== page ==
• It is OK to be wrong

    As researchers, we are in the business of uncovering the truth, and truth is one of our greatest motivators. Truth is what gets us to work late into the night and what gets us up the next morning. The thought of being wrong terrifies us, to the point where our writing can become an impenetrable mix of jargon and qualification. And when we see others – politicians, news media, and colleagues – get things wrong, it really pisses us off. This is a good thing. As a community, scientists are trustworthy in large part because of their dedication to the truth.

    But I think we also need to allow ourselves – and each other – to be wrong once in a while. It’s great that as scientists we publish papers the measure the nth decimal point on a known quantity, that apply known techniques and paradigms to new environments and conditions, and that verify things we already know to be true. But we must also be willing to accept that our paradigms might be wrong… and if we have good data to present that are contrary to those paradigms, we must be willing to take the gamble of publishing them even if our conclusions and proposed paradigm shifts may end up being incorrect.

    You’re probably thinking that I’m talking about the “Arsenic life” paper or the “faster than light neutrinos” work. I am. But I’m also talking about an impact event being causally linked to the extinction of the dinosaurs. I’m also talking about shotgun sequencing. I’m also talking about plate tectonics. I’m also talking about the discovery of the first exoplanets, and the techniques currently used to find thousands of them. All of these discoveries were soundly criticized at the time they were first discussed or proposed because they went against the prevailing wisdom in their respective fields, but all of these ideas have survived to become the new prevailing wisdom.

    For that matter, I’m also talking about the “Martian life in a meteorite” work (amongst astrobiologists, “ALH84001”). The current prevailing opinion on that within the field is that the data presented in the paper does not constitute evidence for ancient Martian life, and that the main hypothesis presented in the paper was not validated. And yet… the subsequent work refuting the claims in that paper have significantly advanced our understanding of biosignatures, the size/volume limits to life, the chemistry of hematite precipitation, the large-scale carbon cycle of Mars, and even the definition of life.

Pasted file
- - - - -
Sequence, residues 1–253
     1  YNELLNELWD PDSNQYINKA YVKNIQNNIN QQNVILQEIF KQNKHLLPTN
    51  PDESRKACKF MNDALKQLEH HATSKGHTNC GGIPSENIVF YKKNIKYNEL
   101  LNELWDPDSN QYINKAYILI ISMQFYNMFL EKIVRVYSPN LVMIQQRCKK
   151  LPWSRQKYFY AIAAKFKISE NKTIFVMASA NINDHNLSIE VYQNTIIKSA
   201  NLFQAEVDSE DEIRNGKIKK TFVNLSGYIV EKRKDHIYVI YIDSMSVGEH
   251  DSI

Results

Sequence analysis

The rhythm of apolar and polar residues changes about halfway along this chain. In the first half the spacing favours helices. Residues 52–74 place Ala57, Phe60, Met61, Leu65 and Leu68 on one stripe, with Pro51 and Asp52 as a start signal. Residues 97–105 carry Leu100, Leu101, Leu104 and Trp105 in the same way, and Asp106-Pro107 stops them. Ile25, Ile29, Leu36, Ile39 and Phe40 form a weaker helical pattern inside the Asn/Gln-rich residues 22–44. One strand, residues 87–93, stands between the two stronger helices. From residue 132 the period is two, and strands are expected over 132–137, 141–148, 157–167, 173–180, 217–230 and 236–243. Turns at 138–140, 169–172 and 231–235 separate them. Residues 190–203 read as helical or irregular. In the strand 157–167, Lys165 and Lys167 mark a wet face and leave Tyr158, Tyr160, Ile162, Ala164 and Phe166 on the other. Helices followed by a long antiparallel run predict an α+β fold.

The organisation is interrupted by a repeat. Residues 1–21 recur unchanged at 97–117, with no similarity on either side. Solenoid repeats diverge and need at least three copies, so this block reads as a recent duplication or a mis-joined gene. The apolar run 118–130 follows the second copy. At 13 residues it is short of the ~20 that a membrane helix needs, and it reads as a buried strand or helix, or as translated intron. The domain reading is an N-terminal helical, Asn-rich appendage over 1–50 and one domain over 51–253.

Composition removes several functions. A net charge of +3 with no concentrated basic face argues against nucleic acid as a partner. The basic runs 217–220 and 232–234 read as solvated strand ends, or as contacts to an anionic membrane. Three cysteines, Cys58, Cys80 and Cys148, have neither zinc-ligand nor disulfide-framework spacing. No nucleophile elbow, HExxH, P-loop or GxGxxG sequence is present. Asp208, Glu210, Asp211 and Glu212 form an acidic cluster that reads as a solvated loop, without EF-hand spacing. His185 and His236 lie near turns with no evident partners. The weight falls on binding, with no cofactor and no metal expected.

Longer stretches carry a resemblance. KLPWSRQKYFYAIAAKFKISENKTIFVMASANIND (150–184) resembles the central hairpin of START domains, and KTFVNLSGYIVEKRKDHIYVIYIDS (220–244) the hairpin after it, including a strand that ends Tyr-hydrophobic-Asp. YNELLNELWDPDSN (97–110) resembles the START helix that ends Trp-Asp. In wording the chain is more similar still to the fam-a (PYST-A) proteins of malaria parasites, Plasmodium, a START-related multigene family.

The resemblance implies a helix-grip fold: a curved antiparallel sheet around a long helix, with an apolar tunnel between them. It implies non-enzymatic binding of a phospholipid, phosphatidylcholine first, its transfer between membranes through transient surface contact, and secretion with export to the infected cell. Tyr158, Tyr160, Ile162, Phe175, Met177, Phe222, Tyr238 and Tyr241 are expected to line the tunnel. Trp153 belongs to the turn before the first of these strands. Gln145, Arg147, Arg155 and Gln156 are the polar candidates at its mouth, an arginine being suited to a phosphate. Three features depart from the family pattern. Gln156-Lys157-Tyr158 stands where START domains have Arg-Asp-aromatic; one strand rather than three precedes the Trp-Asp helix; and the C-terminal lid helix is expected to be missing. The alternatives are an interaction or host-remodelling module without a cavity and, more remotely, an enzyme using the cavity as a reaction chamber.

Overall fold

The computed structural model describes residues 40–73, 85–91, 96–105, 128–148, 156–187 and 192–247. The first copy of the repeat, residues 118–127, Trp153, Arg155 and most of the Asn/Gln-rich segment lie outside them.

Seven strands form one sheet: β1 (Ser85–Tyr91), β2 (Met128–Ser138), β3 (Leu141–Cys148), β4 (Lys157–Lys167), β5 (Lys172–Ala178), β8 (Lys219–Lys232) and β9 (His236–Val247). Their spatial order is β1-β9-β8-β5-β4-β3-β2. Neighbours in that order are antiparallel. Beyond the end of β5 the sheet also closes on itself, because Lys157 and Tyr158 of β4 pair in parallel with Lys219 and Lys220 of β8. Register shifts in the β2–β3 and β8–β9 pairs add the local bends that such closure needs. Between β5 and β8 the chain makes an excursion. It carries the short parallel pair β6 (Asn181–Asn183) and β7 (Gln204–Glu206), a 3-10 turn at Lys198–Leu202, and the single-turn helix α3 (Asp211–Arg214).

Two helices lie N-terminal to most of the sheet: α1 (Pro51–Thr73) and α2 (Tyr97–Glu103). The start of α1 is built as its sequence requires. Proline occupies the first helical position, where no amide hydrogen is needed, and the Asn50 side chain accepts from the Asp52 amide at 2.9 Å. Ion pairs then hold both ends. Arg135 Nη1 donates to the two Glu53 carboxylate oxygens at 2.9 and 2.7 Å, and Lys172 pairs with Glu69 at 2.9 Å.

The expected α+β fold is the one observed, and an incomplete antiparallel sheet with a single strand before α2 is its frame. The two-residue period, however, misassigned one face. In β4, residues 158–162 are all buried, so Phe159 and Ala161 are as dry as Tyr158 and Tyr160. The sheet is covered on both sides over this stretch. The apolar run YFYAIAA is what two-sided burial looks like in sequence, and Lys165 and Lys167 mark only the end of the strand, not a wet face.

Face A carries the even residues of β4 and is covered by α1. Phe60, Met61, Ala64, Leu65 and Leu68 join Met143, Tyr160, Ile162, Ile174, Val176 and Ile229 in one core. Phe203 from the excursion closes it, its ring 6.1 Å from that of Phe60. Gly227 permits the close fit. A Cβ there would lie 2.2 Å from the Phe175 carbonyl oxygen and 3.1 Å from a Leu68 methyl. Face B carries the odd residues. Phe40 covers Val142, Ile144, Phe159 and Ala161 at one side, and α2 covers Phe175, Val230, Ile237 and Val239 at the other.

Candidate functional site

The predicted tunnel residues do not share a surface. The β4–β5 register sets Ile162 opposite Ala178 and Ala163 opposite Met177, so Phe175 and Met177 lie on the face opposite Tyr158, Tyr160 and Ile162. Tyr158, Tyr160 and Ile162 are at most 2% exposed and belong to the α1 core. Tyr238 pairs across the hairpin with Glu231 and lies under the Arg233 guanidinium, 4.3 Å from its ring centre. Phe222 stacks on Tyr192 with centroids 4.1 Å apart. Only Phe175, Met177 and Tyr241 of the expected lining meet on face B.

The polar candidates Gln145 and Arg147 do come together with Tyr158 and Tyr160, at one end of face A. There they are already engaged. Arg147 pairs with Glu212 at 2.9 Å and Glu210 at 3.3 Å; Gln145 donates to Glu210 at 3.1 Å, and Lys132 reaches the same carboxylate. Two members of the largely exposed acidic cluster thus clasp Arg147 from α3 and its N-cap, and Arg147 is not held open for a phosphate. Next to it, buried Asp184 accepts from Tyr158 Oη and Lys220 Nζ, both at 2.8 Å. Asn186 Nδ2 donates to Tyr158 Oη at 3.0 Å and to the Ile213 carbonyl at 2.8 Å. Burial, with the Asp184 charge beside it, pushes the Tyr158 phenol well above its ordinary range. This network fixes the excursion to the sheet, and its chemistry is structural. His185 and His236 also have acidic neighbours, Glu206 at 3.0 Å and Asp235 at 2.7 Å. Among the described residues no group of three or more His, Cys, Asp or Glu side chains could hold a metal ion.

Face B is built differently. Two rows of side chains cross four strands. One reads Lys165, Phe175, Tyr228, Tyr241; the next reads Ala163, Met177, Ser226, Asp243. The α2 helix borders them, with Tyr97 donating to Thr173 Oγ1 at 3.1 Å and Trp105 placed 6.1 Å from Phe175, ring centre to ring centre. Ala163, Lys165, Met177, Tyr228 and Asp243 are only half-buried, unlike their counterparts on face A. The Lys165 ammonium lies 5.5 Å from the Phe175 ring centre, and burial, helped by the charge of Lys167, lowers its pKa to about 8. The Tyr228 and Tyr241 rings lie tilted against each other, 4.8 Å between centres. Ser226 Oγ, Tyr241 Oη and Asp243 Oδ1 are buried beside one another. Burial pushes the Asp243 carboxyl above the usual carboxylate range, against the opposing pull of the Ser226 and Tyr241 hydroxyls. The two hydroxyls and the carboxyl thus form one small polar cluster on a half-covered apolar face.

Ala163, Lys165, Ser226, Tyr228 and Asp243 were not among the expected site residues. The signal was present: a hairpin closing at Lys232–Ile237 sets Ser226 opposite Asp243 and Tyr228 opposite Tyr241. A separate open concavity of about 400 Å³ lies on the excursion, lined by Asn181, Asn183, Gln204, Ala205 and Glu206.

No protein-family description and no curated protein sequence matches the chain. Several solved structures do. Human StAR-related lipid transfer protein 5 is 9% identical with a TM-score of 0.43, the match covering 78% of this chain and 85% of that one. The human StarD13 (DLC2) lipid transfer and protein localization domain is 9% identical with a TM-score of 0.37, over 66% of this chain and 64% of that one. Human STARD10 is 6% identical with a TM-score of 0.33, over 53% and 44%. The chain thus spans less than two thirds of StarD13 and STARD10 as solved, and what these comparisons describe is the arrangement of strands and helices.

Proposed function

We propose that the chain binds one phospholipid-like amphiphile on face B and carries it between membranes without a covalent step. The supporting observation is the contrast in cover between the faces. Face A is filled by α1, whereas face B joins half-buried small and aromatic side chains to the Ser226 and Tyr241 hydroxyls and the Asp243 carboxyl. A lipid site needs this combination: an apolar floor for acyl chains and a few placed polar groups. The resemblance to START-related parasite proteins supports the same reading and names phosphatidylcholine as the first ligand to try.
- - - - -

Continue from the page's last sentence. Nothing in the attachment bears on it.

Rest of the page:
Through journal clubs and the like, we’re trained as scientists to reply to such works by gathering in a room and playing a game of “who can slam this paper the harshest?” The person that comes up with the most basic, damning, and snarky critique seems to be the “victor” of this game. I actually think this is a reasonable and healthy exercise, as it can help teach students and remind senior scientists of good lab techniques and sound argument construction.

    My concerns arise when we do this in public and the critiques grow personal. I fear that by publicly vilifying those that were wrong, we isntill in ourselves a major disincentive to do “big science” that challenges conventions and has the potential to set us up for major advances. And while we should always be afraid of being wrong, I am concerned that this extra step of public vindictiveness will petrify many young scientists and thereby prevent major and correct discoveries in the future.

    Further, the pressure to never be wrong encourages defensiveness and doubling down on things that been demonstrated to be incorrect. This is the fatal flaw in most work done by global warming deniers and creationists, and on a smaller scale it’s something that has happened in the wake of papers published in high-impact journals that were subsequently refuted. Our instinct is to toss those individuals into the “unresonable” bin (after all, this action is often unreasonable)… but seldom do we question the contextual forces set up by our academic culture and by confirmation bias that pressures us to act in this manner when we’re wrong.

    Criticism – even public criticism – is a good thing. I’m a big proponent of the ability of the internet to provide rapid, detailed analyses of work… and believe it could dramatically speed-up the cycle of drafting, reviewing, correcting, and verifying work without significant loss in quality. But we must – we MUST – avoid the temptations of public snark, vindictiveness, and personal attacks. These are all provided by the ability to post anonymously, are encouraged by academic chest-beating, and fit into a greater internet culture. It’s OK to tell someone that they are wrong. Just be professional about it. And when you see someone else being a jerk when criticizing someone else’s work, don’t let it discourage you from taking a chance on making the “next big discovery.”

    Because it’s OK to be wrong.